Family Child Care Homes: An Important Option for Families

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What is Family Child Care?

Family child care providers offer care for children in the provider's home. Most people who provide this type of care are required to be licensed in California by the California Department of Social Services/Community Care Licensing either as a:

  • “small” family child care home for up to six children (plus optional two school-age under certain conditions) or
  • “large” family child care home for up to 12 children (plus optional two school-age) with an assistant.
    Their own children under 10 years of age are included.

Why do parents choose Family Child Care Home Providers?

Parents choose family child care for several reasons, including:

  • They prefer their children to spend their days in a home-like environment and a smaller group setting (compared to a child care center).
  • They prefer to relate to a single caregiver, and possibly an assistant who may be a family member. Children may have a consistent caregiver from infancy through school-age.
  • They may want all their children to be cared for together, for convenience and so that siblings can interact during the day. Family child care homes can care for children from birth to 12 years of age together.
  • Sometimes they choose family child care because they find it closer to home, less expensive or more flexible. Some home providers offer care beyond the typical weekday 7:00 a.m.-6:00 p.m. schedule, to serve families with evening, night or weekend work hours.

Many families find that their family child care provider and her family become their extended family over the years.

What licensing regulations must be met by Family Child Care Home providers?

California has minimum health and safety standards for providers and their homes which are inspected prior to licensure. Family child care providers and any person 18 year or older living in the residence are required to have a criminal records check and child abuse and neglect clearance. At least 15 hours of health training including infant/child first aid and CPR are required. Many providers have taken college coursework or other training in child development and early education, though not required. Some have experience and education to work in child care centers/preschools but have chosen to provide family child care so they can be at home with their own children and/or have their own small business.

More information about licensing requirements can be found on the website of California Department of Social Services, Community Care Licensing division: www.ccld.ca.gov/PG411.htm

Also, summaries of Regulation Highlights for both Family Child Care Homes and Child Care Centers are at: www.ccld.ca.gov/PG1772.htm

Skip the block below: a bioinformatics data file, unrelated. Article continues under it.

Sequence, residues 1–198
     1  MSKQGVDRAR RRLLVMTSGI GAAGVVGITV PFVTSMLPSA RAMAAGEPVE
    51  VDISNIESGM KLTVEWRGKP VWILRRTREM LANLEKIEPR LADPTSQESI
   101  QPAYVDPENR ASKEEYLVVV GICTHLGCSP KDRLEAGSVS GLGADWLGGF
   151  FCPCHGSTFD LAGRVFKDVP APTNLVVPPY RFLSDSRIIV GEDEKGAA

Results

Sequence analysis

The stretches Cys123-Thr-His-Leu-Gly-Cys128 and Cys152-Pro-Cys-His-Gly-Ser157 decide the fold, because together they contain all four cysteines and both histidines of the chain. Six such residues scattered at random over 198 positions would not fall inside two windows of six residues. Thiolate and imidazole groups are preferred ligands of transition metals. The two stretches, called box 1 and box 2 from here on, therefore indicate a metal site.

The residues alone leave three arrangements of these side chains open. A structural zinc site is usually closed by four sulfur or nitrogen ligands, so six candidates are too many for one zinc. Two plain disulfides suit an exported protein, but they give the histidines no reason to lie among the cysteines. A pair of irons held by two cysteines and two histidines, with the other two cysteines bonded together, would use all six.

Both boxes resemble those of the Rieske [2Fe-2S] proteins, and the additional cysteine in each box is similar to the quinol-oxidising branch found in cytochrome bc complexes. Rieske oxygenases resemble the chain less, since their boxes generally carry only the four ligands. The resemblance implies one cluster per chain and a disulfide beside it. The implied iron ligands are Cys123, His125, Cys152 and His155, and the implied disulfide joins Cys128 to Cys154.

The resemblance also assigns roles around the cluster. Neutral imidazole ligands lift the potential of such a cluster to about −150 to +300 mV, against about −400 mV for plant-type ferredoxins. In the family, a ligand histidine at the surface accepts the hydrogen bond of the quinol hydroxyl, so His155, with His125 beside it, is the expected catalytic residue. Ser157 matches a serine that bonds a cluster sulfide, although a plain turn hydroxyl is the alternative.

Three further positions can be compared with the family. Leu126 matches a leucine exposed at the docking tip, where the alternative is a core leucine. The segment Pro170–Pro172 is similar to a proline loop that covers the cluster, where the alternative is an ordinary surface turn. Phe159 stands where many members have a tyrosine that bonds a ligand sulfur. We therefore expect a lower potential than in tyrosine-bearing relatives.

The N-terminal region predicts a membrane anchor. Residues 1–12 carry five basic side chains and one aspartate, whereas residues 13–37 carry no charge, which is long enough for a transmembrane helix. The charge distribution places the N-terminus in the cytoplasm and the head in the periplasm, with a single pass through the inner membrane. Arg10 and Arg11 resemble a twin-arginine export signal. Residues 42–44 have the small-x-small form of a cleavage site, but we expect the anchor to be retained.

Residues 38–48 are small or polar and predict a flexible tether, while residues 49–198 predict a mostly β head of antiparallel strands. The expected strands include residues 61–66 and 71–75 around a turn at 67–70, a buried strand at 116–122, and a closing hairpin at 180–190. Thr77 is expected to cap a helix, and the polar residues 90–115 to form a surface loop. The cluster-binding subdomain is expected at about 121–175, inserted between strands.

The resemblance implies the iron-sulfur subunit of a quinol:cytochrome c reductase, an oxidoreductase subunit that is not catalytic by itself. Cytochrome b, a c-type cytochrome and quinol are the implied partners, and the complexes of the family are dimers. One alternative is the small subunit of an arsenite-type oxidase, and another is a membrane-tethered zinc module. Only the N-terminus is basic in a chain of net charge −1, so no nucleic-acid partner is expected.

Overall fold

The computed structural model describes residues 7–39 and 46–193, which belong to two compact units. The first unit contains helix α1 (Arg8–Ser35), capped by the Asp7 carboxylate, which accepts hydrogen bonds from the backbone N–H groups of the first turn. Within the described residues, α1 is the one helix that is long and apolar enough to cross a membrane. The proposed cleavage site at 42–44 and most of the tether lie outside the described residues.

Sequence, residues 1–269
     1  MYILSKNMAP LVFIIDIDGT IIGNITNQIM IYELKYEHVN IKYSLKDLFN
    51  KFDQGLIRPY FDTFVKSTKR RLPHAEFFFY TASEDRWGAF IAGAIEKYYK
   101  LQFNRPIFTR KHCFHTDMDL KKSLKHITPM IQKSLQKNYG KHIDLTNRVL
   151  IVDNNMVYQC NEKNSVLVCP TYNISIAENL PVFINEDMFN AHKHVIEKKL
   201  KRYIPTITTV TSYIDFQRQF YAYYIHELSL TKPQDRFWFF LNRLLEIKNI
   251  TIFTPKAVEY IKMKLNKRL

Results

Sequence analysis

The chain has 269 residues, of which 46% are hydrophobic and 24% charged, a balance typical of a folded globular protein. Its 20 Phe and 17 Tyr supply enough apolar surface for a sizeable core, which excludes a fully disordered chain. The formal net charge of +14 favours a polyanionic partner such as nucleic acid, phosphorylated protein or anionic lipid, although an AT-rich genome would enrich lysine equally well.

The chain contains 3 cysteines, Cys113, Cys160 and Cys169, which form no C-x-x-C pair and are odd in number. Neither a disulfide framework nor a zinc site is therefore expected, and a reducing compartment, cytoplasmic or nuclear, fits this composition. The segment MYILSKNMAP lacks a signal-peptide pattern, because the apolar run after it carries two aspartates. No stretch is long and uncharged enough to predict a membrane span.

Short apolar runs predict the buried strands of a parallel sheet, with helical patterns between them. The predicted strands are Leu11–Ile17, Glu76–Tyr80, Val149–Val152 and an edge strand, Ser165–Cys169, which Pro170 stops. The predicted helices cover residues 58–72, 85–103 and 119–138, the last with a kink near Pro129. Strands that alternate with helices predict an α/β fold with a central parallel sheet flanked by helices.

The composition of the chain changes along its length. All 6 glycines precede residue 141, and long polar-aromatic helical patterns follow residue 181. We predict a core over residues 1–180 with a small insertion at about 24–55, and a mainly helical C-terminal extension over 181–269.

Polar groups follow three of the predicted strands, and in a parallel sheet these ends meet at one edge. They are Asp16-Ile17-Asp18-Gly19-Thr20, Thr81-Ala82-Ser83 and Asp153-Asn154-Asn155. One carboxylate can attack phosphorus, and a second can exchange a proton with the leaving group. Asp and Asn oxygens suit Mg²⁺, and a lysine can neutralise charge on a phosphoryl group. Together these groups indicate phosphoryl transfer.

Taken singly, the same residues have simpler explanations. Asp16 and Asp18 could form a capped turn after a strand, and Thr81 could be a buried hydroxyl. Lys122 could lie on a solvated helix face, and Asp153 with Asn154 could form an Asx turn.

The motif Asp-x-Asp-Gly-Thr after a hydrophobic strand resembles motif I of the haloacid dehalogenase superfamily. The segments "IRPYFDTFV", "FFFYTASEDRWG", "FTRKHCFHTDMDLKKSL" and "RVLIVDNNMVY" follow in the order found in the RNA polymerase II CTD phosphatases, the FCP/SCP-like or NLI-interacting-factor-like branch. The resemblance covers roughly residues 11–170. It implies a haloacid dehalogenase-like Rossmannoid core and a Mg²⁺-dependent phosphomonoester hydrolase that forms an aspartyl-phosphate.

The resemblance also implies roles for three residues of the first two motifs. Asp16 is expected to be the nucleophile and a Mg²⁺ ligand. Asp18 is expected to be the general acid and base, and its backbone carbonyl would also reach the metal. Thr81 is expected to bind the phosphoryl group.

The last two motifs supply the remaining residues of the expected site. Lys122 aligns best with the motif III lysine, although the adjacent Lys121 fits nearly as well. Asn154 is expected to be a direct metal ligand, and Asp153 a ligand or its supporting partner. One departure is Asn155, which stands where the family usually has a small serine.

Which home care providers are not required to be licensed?

Caregivers are exempt from licensing if:

  • they are related to the children by blood or marriage
  • they care for children from only one family other than their own/relatives’
  • they care for a child in the child’s home (e.g. nanny, au pair)

How do I find names of Family Child Care Home providers?

The Child Care Coordinating Council (4Cs) is the child care resource and referral (R&R) agency for San Mateo County, providing free referrals to hundreds of licensed homes as well as child care centers/preschools in the county. You may request referrals for any city or neighborhood. Contact (650) 517-1460 or www.sanmateo4Cs.org.

A partial list of the more than 100 licensed providers in Redwood City is available here.

What can I do to ensure that my child and our family have a positive and safe experience using family child care?

  • Learn how to select quality child care—what to look for and questions to ask.
  • After asking basic questions by phone, visit several homes to observe the interactions and physical environment.
  • Check the provider’s licensing history by calling the Licensing District Office: (650) 266-8843. Ask the provider for parent references.
  • Ask questions and discuss any concerns with the provider(s) during your search and after starting care. If you have serious concerns about the facility, to which the provider is not responsive, call the Licensing Office.
  • Begin early and maintain a mutually respectful, business relationship with the provider, including having a contract describing services, vacation, sick child, late pick-up, payment and other policies.
  • Continue to monitor your care arrangement by taking time to observe and ask questions when you drop off or pick up your child, or request to speak to the provider at a more convenient time. Feel free to stop by unannounced during the day to visit.